Here are real-time accounts of these years of turmoil: Calvin Trillin reports on the integration of Southern universities, E. B. White and John Updike wrestle with the enormity of the Kennedy assassination, and Jonathan Schell travels with American troops into the jungles of Vietnam. The murder of Martin Luther King, Jr., the fallout of the 1968 Democratic Convention, the Soviet invasion of Czechoslovakia, the Six-Day War: All are brought to immediate and profound life in these pages.

The New Yorker of the 1960s was also the wellspring of some of the truly timeless works of American journalism. Truman Capote’s In Cold Blood, Rachel Carson’s Silent Spring, Hannah Arendt’s Eichmann in Jerusalem, and James Baldwin’s The Fire Next Time all first appeared in The New Yorker and are featured here. The magazine also published such indelible short story masterpieces as John Cheever’s “The Swimmer” and John Updike’s “A & P,” alongside poems by Sylvia Plath and Anne Sexton.

The arts underwent an extraordinary transformation during the decade, one mirrored by the emergence in The New Yorker of critical voices as arresting as Pauline Kael and Kenneth Tynan. Among the crucial cultural figures profiled here are Simon & Garfunkel, Tom Stoppard, Bob Dylan, Allen Ginsberg, Mike Nichols and Elaine May, and Muhammad Ali (when he was still Cassius Clay).

The assembled pieces are given fascinating contemporary context by current New Yorker writers, including Jill Lepore, Malcolm Gladwell, and David Remnick. The result is an incomparable collective portrait of a truly galvanizing era.

Agamben, “The Mystery of Evil”

pid_28174 (1)Pope Benedict XVI’s resignation in 2013 is looking to be a pivotal event in the history of the Roman Catholic Church–not only because it was the first papal resignation in centuries, but because of the very different path his successor, Pope Francis, is laying out. This spring, Stanford University Press published a translation of a work by Italian philosopher Giorgio Agamben, The Mystery of Evil: Benedict XVI and the End of Days, that addresses the resignation. The title sounds apocalyptic; but the publisher’s description, below, indicates the book is a meditation on the difference between legitimacy and legality:

In 2013, Benedict XVI became only the second pope in the history of the Catholic Church to resign from office. In this brief but illuminating study, Giorgio Agamben argues that Benedict’s gesture, far from being solely a matter of internal ecclesiastical politics, is exemplary in an age when the question of legitimacy has been virtually left aside in favor of a narrow focus on legality. This reflection on the recent history of the Church opens out into an analysis of one of the earliest documents of Christianity: the Second Epistle to the Thessalonians, which stages a dramatic confrontation between the “man of lawlessness” and the enigmatic katechon, the power that holds back the end of days. In Agamben’s hands, this infamously obscure passage reveals the theological dynamics of history that continue to inform Western culture to this day.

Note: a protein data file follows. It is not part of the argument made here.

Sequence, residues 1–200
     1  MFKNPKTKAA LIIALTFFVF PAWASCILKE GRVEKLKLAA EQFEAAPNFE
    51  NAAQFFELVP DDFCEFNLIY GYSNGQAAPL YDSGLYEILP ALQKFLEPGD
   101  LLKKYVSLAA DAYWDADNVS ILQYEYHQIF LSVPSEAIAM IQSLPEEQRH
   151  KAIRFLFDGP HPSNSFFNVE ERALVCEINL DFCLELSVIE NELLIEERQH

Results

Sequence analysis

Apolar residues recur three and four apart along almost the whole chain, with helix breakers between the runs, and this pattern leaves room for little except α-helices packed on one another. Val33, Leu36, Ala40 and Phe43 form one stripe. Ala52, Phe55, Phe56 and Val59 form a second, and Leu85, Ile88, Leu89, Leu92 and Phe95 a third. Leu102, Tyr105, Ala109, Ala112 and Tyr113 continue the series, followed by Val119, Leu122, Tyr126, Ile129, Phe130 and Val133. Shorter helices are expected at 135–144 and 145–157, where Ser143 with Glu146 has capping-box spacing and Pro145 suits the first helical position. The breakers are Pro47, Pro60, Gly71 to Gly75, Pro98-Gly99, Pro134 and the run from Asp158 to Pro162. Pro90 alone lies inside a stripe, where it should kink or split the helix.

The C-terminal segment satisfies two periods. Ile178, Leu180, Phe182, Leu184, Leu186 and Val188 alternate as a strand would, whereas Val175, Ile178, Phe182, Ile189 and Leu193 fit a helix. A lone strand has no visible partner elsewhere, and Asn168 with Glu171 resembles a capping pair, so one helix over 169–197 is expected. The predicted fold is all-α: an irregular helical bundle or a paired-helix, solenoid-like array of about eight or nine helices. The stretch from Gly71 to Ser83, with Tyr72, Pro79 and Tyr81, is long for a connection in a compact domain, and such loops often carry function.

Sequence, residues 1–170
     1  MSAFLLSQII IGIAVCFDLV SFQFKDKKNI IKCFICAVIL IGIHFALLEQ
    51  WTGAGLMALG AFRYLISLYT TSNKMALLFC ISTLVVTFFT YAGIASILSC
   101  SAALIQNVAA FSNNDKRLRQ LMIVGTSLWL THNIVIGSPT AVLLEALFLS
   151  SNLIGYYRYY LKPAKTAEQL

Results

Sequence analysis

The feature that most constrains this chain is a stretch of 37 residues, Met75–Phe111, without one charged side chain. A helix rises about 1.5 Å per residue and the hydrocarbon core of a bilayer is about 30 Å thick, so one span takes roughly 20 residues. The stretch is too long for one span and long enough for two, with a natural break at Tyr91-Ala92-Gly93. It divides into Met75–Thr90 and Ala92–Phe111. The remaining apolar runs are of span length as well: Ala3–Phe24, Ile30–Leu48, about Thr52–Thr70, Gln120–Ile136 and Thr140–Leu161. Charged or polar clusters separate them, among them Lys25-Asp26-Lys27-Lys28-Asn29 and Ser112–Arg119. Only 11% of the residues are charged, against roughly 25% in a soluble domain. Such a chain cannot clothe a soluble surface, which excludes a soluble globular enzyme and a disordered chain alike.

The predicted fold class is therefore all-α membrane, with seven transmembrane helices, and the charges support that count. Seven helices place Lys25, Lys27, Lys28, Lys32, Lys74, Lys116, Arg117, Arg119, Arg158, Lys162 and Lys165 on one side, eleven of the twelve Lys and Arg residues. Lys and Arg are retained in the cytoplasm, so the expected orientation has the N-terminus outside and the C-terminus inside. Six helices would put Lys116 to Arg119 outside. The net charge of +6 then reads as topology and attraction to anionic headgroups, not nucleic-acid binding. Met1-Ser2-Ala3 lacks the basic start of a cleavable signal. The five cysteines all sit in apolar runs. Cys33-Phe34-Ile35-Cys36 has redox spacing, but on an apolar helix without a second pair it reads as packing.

“Religions, Nations and Transnationalism in Multiple Modernities” (Michel et al., eds)

9781137592385There’s nothing new about “world religions.” All the great religions are global, with followers across the continents. This has been true for centuries, millennia, even. And yet there is something new in the Internet Age: the ability of individuals to sample religions from wherever they are–to have access to online sources and communities from right where they sit. This new sort of globalization will no doubt influence religion. Whether it will increase the influence of global religions, as they take advantage of communications technology to forge communities across the planet, or decrease it, as people use the Internet to create niche religions for fewer and fewer followers, remains to be seen.

A new volume from Palgrave, Religions, Nations, and Transnationalism in Multiple Modernities, edited, among others, by Patrick Michel of the Centre National de la Recherche Scientifique, addresses the new globalization. Here’s the description from the publisher’s website:

This edited book explores the impact of globalisation on the relationship between religion and politics, religion and nation, religion and nationalism, and the impact that transnationalism has on religious groups. In a post-Westphalian and transnational world, with increased international communication and transportation, a plethora of new religious recompositions now take part in a network society that cuts across borders. This collection, through its analysis of historical and contemporary case studies, explores the growth of both national and transnational religious movements and their dealings with the various versions of modernity that they encounter. It considers trends of religious revitalisation and secularisation, and processes of nationalism and transnationalism through the prism of the theory of multiple modernities, acknowledging both its pluralist worldview but also the argument that its definition of modernity is often so inclusive as to lose coherence. Providing a cutting edge take on 21st century religion and globalization, this volume is a key read for all scholars of religion, secularisation and transnationalism.